Now I must prep for the finale of THE BACHELOR. As Vice Commissioner of Here For the Right Reasons: The Bachelor Fantasy League, I’m hosting a screening/finale party for all the LA league members. Everyone’s bringing a snack inspired by their favorite bachelorette. This idea, ordained by me, is particularly troublesome for me. I’m on a cleanse which means no glutens, refined sugar, red meat, booze or dairy in my snack. I want to think up something clever and funny for my contribution like my friend who is bringing shrimp cakes in honor of Tenley aka “The Little Mermaid: Ariel.”  Good one, huh?

My  brain is so fried from all the writing I’ve been doing on my latest project (haven’t announced it) that all I can think of is mini hot dogs inspired by Gia because she looks like a sad puppy. Pitiful idea. Even if I were to try and swing that snack with the league, I couldn’t even eat it because of the cleanse restrictions.

Vudu? You Do. Do What?

February 24, 2010

Despite Casey’s disappointing showing at the Olympics — which sounds harsh but I can’t think of any other way of describing it … more on this in a post later this week — there is good news for AIV:

APPOINTMENT IN VANCOUVER will be available on Vudu and Hulu soon.

I’m particularly excited about our inclusion on Vudu considering the online movie service was recently purchased by Wal-mart. The digital provider is being built into more and more TVs and Blu-ray players. Analysts are predicting that over 60 percent of HD televisions will connect to the Internet by 2013. From a NYT article about the acquisition:

Now, however, the idea of an Internet-ready home entertainment setup has a powerful new backer: Wal-Mart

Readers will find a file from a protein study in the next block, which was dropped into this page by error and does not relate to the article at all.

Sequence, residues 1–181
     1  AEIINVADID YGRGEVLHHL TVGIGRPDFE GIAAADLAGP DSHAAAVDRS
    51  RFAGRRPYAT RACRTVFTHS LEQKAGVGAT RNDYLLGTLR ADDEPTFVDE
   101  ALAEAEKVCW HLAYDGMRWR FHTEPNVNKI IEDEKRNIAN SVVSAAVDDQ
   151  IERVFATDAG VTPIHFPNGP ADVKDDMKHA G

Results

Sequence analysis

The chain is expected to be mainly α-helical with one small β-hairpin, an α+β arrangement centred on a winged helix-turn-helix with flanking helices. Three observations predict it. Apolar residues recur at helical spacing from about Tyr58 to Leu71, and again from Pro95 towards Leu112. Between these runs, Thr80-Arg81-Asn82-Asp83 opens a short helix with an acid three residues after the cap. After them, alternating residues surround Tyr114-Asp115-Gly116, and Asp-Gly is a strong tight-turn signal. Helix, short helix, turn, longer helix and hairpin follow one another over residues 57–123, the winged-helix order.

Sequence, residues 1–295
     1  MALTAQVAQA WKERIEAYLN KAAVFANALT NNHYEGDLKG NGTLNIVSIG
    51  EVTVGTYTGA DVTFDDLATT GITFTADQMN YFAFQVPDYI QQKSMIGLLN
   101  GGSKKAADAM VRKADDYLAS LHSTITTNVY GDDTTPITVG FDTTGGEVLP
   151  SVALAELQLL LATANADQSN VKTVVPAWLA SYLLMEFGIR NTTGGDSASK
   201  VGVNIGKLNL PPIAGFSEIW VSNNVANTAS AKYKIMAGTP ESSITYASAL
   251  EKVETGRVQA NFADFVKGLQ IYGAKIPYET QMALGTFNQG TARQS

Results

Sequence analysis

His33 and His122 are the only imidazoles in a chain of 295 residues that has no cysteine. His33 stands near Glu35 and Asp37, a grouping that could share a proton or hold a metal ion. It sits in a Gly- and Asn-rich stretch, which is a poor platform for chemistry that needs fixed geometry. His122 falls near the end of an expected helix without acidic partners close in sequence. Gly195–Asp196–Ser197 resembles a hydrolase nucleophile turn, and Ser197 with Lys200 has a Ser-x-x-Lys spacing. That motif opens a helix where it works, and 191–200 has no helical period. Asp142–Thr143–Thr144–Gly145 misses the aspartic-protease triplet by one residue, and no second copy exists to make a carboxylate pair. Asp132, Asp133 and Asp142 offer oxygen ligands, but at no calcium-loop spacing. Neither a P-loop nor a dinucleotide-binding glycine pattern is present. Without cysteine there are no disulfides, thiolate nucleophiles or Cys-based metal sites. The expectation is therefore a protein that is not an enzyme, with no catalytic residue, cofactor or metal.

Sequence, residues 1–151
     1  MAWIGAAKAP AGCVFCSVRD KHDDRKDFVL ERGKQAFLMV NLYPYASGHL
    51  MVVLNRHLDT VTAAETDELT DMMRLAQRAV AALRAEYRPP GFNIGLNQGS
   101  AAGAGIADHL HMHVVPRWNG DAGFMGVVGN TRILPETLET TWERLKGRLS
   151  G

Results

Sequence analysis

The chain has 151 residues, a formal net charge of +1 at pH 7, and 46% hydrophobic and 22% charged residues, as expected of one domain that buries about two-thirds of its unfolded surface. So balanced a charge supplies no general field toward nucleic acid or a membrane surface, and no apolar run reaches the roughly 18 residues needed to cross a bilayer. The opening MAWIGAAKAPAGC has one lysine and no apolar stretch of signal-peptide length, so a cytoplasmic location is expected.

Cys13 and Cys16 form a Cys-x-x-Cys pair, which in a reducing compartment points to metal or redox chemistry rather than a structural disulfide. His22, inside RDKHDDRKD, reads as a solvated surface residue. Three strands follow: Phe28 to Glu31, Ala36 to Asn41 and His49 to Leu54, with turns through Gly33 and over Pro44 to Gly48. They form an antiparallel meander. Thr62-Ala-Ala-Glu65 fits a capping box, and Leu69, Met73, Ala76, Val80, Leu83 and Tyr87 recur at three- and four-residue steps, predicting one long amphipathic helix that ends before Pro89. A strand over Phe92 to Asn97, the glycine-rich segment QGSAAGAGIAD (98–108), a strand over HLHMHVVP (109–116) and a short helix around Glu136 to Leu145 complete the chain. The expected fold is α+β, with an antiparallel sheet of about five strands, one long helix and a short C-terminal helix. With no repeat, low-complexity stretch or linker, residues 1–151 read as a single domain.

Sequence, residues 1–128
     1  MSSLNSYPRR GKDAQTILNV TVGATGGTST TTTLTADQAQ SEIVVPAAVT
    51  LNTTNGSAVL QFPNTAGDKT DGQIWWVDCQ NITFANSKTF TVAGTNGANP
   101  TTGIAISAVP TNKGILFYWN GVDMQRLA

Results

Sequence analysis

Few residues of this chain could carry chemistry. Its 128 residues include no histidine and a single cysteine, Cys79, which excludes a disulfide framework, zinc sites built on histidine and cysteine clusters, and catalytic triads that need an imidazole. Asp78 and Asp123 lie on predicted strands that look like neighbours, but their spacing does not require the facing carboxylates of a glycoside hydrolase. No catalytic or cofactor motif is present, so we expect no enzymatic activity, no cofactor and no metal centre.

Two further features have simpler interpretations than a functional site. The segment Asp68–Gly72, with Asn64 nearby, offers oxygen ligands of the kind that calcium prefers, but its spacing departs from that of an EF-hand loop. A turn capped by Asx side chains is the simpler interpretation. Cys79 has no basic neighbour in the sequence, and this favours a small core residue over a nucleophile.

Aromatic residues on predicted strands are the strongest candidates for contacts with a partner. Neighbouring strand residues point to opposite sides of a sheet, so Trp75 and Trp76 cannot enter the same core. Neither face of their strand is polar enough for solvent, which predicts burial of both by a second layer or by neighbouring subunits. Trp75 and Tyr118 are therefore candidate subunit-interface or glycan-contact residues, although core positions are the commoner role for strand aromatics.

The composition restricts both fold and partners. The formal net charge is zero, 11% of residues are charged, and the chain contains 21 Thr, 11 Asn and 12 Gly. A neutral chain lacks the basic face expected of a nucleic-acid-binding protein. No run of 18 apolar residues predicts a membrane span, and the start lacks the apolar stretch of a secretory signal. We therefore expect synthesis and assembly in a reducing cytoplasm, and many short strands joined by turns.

Movie stores like Vudu’s also compete directly with the video-on-demand services of the cable companies, and generally have better selection, more high-definition content, friendlier menus and fuller descriptions of the programs.

More immediate, if Wal-Mart puts its marketing power behind the Vudu service, it could give a lift to sales of Internet-ready televisions and disc players, which generally cost a few hundred dollars more than devices without such capabilities…

Panasonic and Sony are the only major manufacturers that have not yet added the Vudu service to their devices. With Wal-Mart, one of their biggest retailers, taking it over, manufacturers will now have another reason to include Vudu.

It’s very cool that our is being added to Vudu’s library on the heels of Wal-mart’s purchase of the company.  I’m told AIV will probably become Vudu-available when they launch their sports collection with Teton Gravity and Video Action Sports. Stay tuned.

Likewise, when the film is available Hulu, I’ll make an announcement. I can’t wait to direct fans and friends to AIV on Hulu because it’s free, BUT we get a share of the commercial revenue. For inquiring minds, it’s about a penny per person per commercial. Who knows, we might make 10’s of dollars!

In Vancouver to see Casey race for Gold

February 20, 2010

In Vancouver to see Casey race for Gold in Skier Cross on Sunday. Having super fun and Will blog all about it next week!

First Interview with Casey Since His Surgery

January 19, 2010

On Saturday, Seth and I interviewed with Lois Fein, host of IndieFlix’s Play It Again Podcasts.  Lois had done her research and asked some great questions about APPOINTMENT IN VANCOUVER.

My favorite discussion topics strayed from the obvious questions (how’d we meet Casey, what the story is about).  I liked discussing why Casey was a good subject for a documentary, how our film differs from the traditional sports doc, what we would consider a “gold medal” in our own lives/careers, and what we personally took away from our time with Casey and his story.

See how I did that? Got you wanting to listen to the podcast. Clever girl.

Before we called Casey midway through the session, Lois let us suggest questions to ask him.  These questions resulted in some great soundbytes from Casey.  What can I say? We know how to ask Casey questions.  A particularly fun answer came from Casey when asked about the scene in the Olympic village.  Let’s just say that ‘meat market’ was part off his response.